My brilliant Teen Sequins co-editor, Sophie Klahr, ended up making her own playlist. Thank you, Sophie. Nostalgia forever. Teen Sequins forever! “Untouchable Face” is one of my favorite Ani Difranco songs.

Friends, please help us spread the word about Teen Sequins 2017! And maybe turn up the music.

Until next time,
Robby (Teen Sequins co-editor)

Blog post to a young poet, rejected from a program, who,for a day, wants to quit writing

Dear ________,

I was in graduate school the first time that I heard the term PoBiz, a clipped, half-cynical half-shruggingly sarcastic way of referring to the Poetry Business, which I had also never heard of. I gathered that the Poetry Business entailed marketing one’s self. Are you a female poet? A poet of color? A poet with a disability? With a disease? A queer poet? A religious minority poet? An eco-poet? Etcetera.…I had always written about the things that I felt made me different, the things that stung, because I was alone, lonely with those weights. I wrote about abortion not because I thought I was going to tap into some niche market, but because it weighed heavily on my heart. I wrote about alcoholism because it was the center of my life, not because I was a Bukowski devotee (though there’s nothing wrong with that). I wrote about god and faith not because I had an academic interest in religion and spirituality but because it felt at many points that my life depended on whether or not I was able to tap into a power greater than myself. I never really had any idea about marketing myself. It was true that I wrote mostly about what was hard in my life, but I also wrote about traveling and fish and movies.

Carl Phillips wrote a great essay awhile ago in which talked about being asked why he doesn’t say what color the people in his poems are.  And here is what I’m trying to say, in a roundabout way: The System, any program, any school, any magazine, is going to somewhat judge you through what makes the actual you unique and not wholly on the quality of your writing. It’s a double-edged sword, and a fluid one. Sometimes it can feel as if the system rewards the person, not the poem.

Here is what I’m trying to say: of course the rejection feels personal. It is personal. Some folks got into the program, and you didn’t. You said that you thought you shouldn’t take it personally, but you have every right to take it personally. We pour our hearts into something, toss the thing out into the world, and watch as nobody puts out their arms to catch our beloved pieces. We watch the gears of the PoBiz grinding along, rewarding writers who maybe we think our work is equal to or better than. We think both Why me?! and Why not me!?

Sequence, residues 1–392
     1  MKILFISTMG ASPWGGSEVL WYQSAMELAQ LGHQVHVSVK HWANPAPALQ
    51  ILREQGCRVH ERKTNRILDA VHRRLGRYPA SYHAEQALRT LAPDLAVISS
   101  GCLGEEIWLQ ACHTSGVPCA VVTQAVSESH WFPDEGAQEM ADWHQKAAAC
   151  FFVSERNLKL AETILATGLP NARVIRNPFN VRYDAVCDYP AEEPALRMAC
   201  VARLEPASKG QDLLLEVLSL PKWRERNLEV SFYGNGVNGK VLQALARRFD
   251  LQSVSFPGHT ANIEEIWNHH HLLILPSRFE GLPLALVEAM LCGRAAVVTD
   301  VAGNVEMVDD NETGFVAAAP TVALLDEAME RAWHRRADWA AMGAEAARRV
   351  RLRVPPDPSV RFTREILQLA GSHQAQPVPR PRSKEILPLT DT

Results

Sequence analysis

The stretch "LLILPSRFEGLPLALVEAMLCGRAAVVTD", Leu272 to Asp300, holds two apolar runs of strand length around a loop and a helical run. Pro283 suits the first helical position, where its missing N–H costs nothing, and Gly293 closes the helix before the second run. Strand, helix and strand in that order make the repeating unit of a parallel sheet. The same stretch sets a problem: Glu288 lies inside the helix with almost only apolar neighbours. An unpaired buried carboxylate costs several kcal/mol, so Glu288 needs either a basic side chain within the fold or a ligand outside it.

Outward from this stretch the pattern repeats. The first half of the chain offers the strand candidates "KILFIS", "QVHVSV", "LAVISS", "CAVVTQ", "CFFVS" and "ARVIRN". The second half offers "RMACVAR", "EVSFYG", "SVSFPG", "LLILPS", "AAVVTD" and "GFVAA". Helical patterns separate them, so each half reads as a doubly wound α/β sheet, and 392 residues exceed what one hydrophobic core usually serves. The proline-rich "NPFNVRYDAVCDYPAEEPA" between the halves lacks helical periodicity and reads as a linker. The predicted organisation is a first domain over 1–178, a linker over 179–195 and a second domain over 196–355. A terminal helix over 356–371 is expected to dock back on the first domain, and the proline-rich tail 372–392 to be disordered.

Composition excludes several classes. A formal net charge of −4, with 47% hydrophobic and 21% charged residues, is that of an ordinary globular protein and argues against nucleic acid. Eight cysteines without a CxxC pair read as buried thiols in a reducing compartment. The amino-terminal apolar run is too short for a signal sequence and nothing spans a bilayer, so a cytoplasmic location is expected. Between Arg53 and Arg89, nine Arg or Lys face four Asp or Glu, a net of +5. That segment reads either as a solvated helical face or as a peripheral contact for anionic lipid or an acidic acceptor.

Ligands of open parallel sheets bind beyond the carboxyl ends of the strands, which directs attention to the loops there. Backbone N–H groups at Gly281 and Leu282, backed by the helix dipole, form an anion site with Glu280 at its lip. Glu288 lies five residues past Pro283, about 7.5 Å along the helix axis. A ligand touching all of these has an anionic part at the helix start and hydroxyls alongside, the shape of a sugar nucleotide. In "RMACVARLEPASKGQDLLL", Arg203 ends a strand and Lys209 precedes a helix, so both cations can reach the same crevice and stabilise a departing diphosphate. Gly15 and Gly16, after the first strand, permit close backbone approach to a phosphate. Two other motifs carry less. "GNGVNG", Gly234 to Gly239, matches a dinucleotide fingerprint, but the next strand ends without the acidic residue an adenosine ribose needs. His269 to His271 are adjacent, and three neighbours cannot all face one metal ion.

But — the poem is also an artifact. It’s something that has been done, a past action. It’s a product of a different moment, a past self. I love the Buddhist saying of “Do your work, then step back.” It’s very simple, but I have thought about it for many years. Some days I am better at stepping back than other days.

If you feel like quitting writing sometimes, that’s ok. The place where a poem comes from is the place where the urge to paint comes from, the place where the urge to swim comes from. It’s something that wants to move. So, let yourself move around. Make a collage, sing a song, pick up an instrument you’ve never played before. Learn to bake bread. But don’t stop embracing the muscular impulse of your creativity. If writing feels daunting, that’s ok. But make something else. Even if it’s just a dance in your bedroom. And, go outside for awhile, without your phone. That helps. It usually helps everything.

I think the real thing to quit is the search for validation, which is insidious. I have to remind myself sometimes of the same thing. When sending out a poem, the thought should not be: I hope that XYZ publication takes this poem so that everyone knows my poem is good enough to be in XYZ publication… it should be: I hope that XYZ publication takes this poem because i really think it is beautiful / strange / insightful / cathartic / funny / etc. and I want to share it with people – I think it might be important for someone. Writing poetry is about the urge to share something, even just with yourself. It’s not about gold stars. There’s no endgame to poetry, as the PoBiz might have you believe. A bio full of laurels and fellowships means almost nothing. Right before my book came out, and I had to choose what my bio in the book would say, I decided that it would be very short. It lists where I was born, and where I live now, two journals where my poems have been published, and the fact that I do interdisciplinary work. What’s most important to me in my bio is the latter, the fact of interdisciplinary work, because I hope, someday, that a visual artist or dancer or painter will write to me and say they’d like to collaborate. It’s almost like a little Personals posting, an ISO. I chose to leave out my education and prizes and residencies not because I don’t value them, but because — that’s not really what I want to talk to people about.

So, don’t worry about being rejected from the residency. Let it be a Not this time instead of a No, never. If you keep writing, and I get the sense that you will always write, there will be dozens of opportunities you might reach for and dozens of times you may be rejected. You get to decide how, and how long, to hold each disappointment. You get to decide what to expect of your writing. Don’t worry about being too much of one thing, or not enough of another. Don’t worry if you don’t publish anything for awhile, or for a long while.There is no right path for a poet, and there millions, literally millions, of incredible poets and writers and literary journals you and I have never heard of. And what a joy! What an absolute joy, to know there are so many more writers we will meet, who will mean so much to us, and to know that the writers we are today might be vastly different than the writers we are in 10 years, in 20 years…There’s no finish line. In the end, there is only the work itself. Enjoy the moment of your work, and how it feels to read your poems aloud, and how those poems can nourish you. Let the rest fall away. Onwards.